Looking at all the sculptures that I have created over the past years and the amount of scrap metal I have available on my workshop, I have estimated over 7 tonnes of scrap metals collected from landfills. This, translated into the environmental impact, by using recycled scrap metals in my art, I have saved around 11.62 tonnes of CO2, 39,116 kWh of energy, 68,110 L of water, and 14.28 tonnes of the waste that comes with extracting the raw sources. It is pretty impressive what one person can do with waste!
One of the key distinctions most of the eco + social entrepreneurs have in common is that they tend to collaborate. How do you perceive collaboration and how has it helped your business?
There are definitely a few businesses in the local area that have helped me a lot, with a special mention to Honey Combes, allowing me to collect metal waste from their center of operations. There are also some brands that have supported my art through sponsorship, such as Cigweld and ESAB Australia; which is much to be appreciated because my welding tools and equipment are quite expensive. With companies like this backing up Barefooted Welder’s art, they are directly contributing to both, for my art to come to life, and for me to keep on cleaning up the landfills.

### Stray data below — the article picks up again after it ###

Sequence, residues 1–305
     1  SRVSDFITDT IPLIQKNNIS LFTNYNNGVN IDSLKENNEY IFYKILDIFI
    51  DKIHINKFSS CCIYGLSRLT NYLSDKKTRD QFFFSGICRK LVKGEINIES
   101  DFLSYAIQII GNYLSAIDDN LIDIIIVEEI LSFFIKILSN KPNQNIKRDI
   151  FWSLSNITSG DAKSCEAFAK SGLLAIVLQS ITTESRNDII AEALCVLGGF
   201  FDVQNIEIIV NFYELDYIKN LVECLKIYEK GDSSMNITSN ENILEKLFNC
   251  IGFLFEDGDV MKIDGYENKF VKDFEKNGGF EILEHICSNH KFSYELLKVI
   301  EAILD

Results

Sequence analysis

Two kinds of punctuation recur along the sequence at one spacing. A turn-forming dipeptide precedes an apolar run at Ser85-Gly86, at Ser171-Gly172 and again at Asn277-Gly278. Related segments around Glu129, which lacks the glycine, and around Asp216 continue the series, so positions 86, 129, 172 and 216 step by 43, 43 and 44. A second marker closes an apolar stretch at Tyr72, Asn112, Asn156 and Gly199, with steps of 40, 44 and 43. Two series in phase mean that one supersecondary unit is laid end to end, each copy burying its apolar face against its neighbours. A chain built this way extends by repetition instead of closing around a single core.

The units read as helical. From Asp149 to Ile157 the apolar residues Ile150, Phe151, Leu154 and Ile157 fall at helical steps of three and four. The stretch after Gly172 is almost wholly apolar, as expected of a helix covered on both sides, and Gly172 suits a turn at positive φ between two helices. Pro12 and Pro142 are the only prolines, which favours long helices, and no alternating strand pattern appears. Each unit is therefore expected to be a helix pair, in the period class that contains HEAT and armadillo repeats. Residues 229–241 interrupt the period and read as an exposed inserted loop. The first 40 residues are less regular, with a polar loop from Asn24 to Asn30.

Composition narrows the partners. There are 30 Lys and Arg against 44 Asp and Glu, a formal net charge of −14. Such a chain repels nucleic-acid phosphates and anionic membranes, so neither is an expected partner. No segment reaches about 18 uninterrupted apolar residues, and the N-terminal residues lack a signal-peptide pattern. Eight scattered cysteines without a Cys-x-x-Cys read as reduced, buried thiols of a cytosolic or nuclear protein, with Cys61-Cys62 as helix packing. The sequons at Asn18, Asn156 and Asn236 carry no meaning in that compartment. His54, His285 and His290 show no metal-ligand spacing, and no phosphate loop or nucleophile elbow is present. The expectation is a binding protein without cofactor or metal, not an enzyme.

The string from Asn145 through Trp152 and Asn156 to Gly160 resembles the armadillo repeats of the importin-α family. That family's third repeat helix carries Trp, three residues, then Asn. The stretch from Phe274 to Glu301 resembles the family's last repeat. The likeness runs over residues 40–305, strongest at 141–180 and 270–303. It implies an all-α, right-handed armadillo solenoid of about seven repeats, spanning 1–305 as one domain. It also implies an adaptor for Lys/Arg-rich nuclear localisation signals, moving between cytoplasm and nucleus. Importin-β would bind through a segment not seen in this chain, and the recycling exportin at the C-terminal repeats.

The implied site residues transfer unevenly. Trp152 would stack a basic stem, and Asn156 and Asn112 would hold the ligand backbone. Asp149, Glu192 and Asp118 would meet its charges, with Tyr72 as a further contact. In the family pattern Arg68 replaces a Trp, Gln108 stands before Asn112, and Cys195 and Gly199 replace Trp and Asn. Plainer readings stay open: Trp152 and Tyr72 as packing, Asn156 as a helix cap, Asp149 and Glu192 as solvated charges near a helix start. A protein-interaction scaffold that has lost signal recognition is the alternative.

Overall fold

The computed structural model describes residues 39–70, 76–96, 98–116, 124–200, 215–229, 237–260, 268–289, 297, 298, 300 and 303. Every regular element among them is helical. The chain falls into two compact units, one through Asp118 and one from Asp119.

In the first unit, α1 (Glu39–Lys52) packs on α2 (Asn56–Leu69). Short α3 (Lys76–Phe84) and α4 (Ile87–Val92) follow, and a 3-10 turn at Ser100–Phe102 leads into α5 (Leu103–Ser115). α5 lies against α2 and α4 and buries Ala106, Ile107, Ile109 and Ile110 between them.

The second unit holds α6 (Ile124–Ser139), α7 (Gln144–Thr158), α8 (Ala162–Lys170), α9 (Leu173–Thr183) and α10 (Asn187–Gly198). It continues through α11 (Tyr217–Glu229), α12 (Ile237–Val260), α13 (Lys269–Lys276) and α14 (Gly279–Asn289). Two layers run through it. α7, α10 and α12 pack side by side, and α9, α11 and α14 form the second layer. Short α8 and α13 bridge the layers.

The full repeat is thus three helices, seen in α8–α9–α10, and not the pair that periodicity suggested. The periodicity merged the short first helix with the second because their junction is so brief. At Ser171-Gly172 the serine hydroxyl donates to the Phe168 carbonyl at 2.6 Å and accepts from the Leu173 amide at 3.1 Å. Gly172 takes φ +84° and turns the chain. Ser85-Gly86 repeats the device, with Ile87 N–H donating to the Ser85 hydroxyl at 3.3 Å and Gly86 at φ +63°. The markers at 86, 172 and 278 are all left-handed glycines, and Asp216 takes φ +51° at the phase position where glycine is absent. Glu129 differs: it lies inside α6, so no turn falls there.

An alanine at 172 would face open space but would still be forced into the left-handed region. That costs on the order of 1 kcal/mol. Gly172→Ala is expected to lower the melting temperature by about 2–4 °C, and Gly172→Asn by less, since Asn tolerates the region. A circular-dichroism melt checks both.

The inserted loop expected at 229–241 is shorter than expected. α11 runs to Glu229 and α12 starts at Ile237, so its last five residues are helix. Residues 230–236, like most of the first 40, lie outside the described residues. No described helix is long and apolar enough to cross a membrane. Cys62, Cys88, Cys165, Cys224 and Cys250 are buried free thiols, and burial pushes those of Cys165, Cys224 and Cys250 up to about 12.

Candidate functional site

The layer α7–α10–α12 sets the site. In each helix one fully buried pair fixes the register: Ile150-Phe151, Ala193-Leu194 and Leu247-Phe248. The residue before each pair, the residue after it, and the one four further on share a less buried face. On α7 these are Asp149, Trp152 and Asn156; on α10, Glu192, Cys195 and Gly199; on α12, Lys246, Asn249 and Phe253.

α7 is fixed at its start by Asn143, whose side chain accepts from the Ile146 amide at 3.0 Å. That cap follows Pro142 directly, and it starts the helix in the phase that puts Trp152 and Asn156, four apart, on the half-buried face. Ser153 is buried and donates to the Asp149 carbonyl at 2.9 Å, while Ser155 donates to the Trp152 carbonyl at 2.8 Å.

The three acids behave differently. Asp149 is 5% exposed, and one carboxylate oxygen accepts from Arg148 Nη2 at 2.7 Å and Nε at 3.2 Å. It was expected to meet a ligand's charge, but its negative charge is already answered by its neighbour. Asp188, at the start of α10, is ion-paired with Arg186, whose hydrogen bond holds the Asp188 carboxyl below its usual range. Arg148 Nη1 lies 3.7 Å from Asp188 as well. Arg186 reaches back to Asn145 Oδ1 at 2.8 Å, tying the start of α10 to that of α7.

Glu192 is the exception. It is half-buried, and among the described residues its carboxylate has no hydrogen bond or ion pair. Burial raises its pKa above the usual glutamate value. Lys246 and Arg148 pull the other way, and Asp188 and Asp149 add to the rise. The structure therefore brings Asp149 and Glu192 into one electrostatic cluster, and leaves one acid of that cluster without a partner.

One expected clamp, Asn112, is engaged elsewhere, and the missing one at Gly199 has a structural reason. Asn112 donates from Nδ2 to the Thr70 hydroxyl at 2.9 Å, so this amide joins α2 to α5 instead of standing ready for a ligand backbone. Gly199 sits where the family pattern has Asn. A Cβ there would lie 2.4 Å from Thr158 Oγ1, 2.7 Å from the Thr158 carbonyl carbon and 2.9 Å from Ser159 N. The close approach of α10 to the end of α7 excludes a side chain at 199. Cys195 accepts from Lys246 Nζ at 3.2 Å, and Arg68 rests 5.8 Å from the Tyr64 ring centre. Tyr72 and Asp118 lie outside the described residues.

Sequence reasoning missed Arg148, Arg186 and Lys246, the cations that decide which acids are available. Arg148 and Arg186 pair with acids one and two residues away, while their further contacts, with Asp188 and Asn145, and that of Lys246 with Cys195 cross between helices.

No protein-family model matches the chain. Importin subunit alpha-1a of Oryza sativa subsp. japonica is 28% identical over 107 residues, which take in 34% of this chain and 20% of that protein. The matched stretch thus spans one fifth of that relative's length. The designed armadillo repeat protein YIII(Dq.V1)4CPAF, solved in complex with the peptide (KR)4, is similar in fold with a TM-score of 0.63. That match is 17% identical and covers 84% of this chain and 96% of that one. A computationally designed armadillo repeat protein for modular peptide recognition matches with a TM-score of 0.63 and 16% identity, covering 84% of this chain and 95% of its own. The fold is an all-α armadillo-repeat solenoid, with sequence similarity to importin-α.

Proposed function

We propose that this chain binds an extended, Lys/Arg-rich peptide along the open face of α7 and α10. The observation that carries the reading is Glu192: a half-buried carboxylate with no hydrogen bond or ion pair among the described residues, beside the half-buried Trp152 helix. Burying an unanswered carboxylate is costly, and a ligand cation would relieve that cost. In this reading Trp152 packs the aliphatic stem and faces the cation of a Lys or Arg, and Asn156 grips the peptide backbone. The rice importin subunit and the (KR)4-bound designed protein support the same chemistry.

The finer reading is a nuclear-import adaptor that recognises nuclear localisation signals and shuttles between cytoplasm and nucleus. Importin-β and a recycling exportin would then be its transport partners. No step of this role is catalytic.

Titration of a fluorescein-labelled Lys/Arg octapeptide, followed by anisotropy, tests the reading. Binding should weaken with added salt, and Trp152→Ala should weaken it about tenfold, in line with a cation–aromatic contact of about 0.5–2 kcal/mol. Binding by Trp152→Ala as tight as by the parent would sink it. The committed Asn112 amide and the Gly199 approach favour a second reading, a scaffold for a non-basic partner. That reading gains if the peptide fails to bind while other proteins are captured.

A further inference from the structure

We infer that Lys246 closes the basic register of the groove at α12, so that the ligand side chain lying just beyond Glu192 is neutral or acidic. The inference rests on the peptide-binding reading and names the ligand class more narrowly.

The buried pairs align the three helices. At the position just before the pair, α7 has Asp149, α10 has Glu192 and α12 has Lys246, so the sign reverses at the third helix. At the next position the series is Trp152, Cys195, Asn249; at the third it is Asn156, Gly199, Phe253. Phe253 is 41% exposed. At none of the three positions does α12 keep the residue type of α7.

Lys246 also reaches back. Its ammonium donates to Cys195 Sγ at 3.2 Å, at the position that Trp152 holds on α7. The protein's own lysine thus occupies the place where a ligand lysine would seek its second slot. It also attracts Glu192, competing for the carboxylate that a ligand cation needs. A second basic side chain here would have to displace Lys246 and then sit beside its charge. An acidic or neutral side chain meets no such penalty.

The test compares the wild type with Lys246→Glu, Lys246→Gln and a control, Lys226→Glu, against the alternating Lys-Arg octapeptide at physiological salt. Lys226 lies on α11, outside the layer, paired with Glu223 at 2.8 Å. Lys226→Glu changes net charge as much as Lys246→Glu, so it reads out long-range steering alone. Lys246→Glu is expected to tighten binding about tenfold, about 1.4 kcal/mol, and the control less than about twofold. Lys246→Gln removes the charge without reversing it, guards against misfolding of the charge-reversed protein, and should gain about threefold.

What has been the greatest success of Barefooted Welder so far?
Finding myself, and doing something I love for a living.
Is there any advice you’d like to give to other small businesses trying to make a difference?
I am probably not a great one to advise, to be honest. Simply to just believe in yourself, in your idea, and set up to achieve your goals.
If each of you could write a message on a big wall that the entire world could read, what would it say?
Limits don’t exist if you don’t give them a reason.
Finally, where can we find you? Shop, online, worldwide…?
Hey you guys, please check out my brand new website at www.barefootedwelder.com.au or reach out to me personally at @barefootedwelder on Instagram or Facebook. If you ever happen to travel in Australia between the Whitsundays and Cairns, come stop at Barefooted Welder’s workshop! We are a unique destination with Kali the tiger watching the front door and a giant seahorse under construction hanging from the ceiling.